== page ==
There are three different types of empathy: cognitive, emotional, and compassionate. Emotional and compassionate empathy seem to be intrinsic for most people, and anyone can learn cognitive empathy. So an adult empath would be able to logically understand what a person feels and be emotionally affected by what they feel. That person’s emotions would also move them to take action to help them deal with what they feel.

What is codependency?

Codependency is when you are dependent on another person in unhealthy ways. In most cases, it seems to be affected by some form of trauma that often occurred in childhood; it is considered a behavioral condition as it inhibits your ability to have a healthy and mutually satisfying relationship. A good synonym for codependency might actually be relationship addiction because codependents tend to be perpetually involved in one-sided, emotionally destructive, and/or abusive relationships.

Rosenberg on Codependency vs. Empathy

“I completely do not support the term empaths (in relation to codependency) because it’s a candy-coated term that makes the SLD or codependent feel good about themselves, when in fact SLDs have significant psychological problems. Significant!” Rosenberg said. “Without the resolution of that. they will always choose the narcissist – and they will over and over again.”

“They will almost always stay with the narcissist despite the fact that they’re not happy and they’re being hurt,” he said. “And then if they should leave or should be left, they will then choose another narcissist,” he said.

This is why it is so important to understand that self-love deficit disorder or codependency is a psychological disorder that is motivated through volition, he explained, adding that while there’s absolutely no excuse for abuse, as long as people play the victim card and look to books and videos that focus on demonizing narcissists and glorifying “the sacrificing poor SLD or codependent, no one gets better.”

That’s why people so many people say they find Rosenberg’s material so helpful.

“It holds them accountable in a non-judgmental empathetic, and compassionate way,” he said. “In my book, I explained this is why you are an SLD or codependent. You were hurt badly, and until you saw that trauma that happened when you were a child, you’re going to play out that script for the rest of your life.”

How can you learn more about healing after narcissistic abuse from Ross Rosenberg?

If you’re interested in hearing more about what Ross Rosenberg has to say about healing after narcissistic abuse, please subscribe to this channel and stay tuned for the rest of this series. Of course, you can also visit the Self-Love Institute, get his book, The Human Magnet Syndrome, on Amazon, and attend his upcoming 50 Shades of Pathological Narcissism event.

Question of the Day

Do you see the connection between how you were raised and nurtured as a child and how your adult relationships developed? Please share your thoughts share your ideas, share your experiences in the comments section below this video, and let’s talk about it.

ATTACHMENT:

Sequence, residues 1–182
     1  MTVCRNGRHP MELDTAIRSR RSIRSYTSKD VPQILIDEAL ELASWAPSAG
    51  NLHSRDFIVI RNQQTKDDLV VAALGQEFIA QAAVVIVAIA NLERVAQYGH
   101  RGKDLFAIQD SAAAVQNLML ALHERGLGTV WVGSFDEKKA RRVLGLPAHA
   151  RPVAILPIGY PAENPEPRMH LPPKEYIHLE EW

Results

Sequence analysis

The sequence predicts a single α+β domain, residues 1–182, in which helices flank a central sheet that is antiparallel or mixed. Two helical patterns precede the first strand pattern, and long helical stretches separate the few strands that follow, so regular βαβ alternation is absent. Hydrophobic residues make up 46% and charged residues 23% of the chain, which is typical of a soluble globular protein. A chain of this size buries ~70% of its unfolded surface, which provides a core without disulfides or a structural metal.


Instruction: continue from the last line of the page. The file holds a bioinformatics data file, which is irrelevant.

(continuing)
Get help with narcissistic abuse recovery right now.

 

What You Need To Know About The Narcissist’s False Self

What You Need To Know About The Narcissist’s False Self

If you’ve ever been in a relationship with a narcissist or a toxic person of any sort, you might have some experience with seeing the narcissist’s false self – and with being aware that there is a difference between the person the narcissist shows to the world at large and the one that lives at home behind closed doors.

Prefer to watch/listen? See Narcissism: False Self on YouTube.

Narcissists can be really tough to spot – and there are a number of reasons for it – one of which is the fact that they’re not really showing you their true selves – at least not at the beginning of the relationship during love-bombing (also known as the idealization phase).

But if you stick around long enough for them to become comfortable with you, a shocking and upsetting thing happens: their mask comes off and you see the true face of the narcissist. And believe me – it’s not pretty!

Today, let’s discuss the narcissist’s false self, how it develops and exactly what you are supposed to do with this information.

The Narcissist’s False Self Begins in Childhood

When you are born, you express yourself through instinct. On so many levels, that is your true self. Your instinct is to live which means you need to be fed, changed, and cuddled every few hours. There is no such thing as a perfect parent, but if your parents did the best they could and cared for you properly, then you would be showing your true self or authentic self.

But narcissists never show their true selves. In fact, they are living through what I’d call their false self.

Now don’t get me wrong here – just like you, the narcissist was born expressing themselves through instinct as well. But if they were not nurtured properly and were denied the things they needed, then they’d develop their false self and that is how they show themselves.

That happens because when an infant is not given what they need and are not nurtured the way they need to be nurtured, they are on their way to not being authentic in any way at all.

It is possible that one of their parents was a narcissist and in that case, their needs would not be met. They would be given responses of disapproval over and over again. If the child attempted to show their authenticity, it would be shot down.

On the flip side, maybe they were too indulged and never had proper discipline and balance. That can be damaging as well. Either way, along the way, their authentic self was replaced by an artificial persona. As they grow up, they begin to build a false set of relationships that are all based on a facade they show.

Learn more about how a narcissist develops and what attachment style has to do with it. 

What Purpose Does The False Self Serve?

The false self is a protective mechanism that protects narcissists as children from feeling their dependency needs that were unmet. So, the false self blocks feelings of shame that the narcissist had from only having conditional love from their parents. It is also a way to prevent them from remembering any trauma or shock that is associated with being abandoned, neglected, or abused.

What Are The False Self Characteristics?